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Did the Royal Easter Show Break the law?
Probably not - John Drinnan writes in today's Business Herald, perhaps tongue-in-cheek, that the promoters of the Royal Easter Show in Auckland might have broken the law in promoting the annual event:
The "offending" image of the Queen used by the Royal Easter Show.
Depictions of the Queen are subject to rules under the Flag Emblems and Protection of Names Act. The cartoon monarch in the ad invites people, saying "I can't be there but my cows will be" in a reference to a herd of Waikato cows HRH [sic] owns.The Act itself is aimed at preventing businesses from claiming "Royal patronage" (a feudal concept based on granting monopoly to individual products and businesses). The Royal Easter Show has had Royal patronage since 1987, so there's no problem there.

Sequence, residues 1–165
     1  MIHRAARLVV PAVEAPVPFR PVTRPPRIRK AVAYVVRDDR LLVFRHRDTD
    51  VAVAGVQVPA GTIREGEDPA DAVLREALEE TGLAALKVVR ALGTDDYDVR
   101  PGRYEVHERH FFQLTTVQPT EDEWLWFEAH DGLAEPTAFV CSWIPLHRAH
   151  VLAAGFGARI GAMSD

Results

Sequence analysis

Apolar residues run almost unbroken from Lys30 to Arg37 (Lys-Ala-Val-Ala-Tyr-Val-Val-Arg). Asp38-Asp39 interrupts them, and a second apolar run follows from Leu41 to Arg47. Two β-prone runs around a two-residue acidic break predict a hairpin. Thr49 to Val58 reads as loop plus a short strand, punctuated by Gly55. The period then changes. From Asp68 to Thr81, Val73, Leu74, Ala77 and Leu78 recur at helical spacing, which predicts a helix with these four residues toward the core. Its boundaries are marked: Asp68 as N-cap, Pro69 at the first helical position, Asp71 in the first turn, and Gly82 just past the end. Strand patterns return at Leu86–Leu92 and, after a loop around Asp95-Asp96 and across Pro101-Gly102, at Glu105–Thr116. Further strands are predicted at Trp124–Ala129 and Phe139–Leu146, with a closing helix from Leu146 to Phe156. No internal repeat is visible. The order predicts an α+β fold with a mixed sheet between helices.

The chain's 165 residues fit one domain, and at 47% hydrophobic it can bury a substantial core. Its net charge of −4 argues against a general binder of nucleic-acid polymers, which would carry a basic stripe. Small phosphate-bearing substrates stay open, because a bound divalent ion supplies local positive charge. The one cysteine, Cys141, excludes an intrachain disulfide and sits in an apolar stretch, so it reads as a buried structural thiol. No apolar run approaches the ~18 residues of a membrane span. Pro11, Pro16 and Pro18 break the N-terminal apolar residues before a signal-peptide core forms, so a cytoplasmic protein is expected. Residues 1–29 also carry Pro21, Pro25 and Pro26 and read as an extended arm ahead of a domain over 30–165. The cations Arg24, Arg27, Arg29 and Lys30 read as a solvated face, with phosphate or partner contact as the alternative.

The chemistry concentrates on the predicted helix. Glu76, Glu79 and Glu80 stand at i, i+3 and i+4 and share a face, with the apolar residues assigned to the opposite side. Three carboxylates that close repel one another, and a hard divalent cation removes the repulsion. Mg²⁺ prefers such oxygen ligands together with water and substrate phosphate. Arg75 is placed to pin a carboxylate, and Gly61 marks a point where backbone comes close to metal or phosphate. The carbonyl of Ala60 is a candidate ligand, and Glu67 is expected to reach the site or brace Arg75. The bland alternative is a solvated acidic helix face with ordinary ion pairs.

However, if I were a monarchist, I'd be a bit worried about this casual depiction of the Queen. As Drinnan notes, the cartoon of the Queen signals a more "easygoing" approach to the Queen's image. I would say the image actually mocks the Queen, with all of the adverts making fun of her accent. Unlike years past, when being a "Royal" show would've been a draw card in itself, the shows organisers are now using the Royal link in a humorous, self-depricating and ironic way.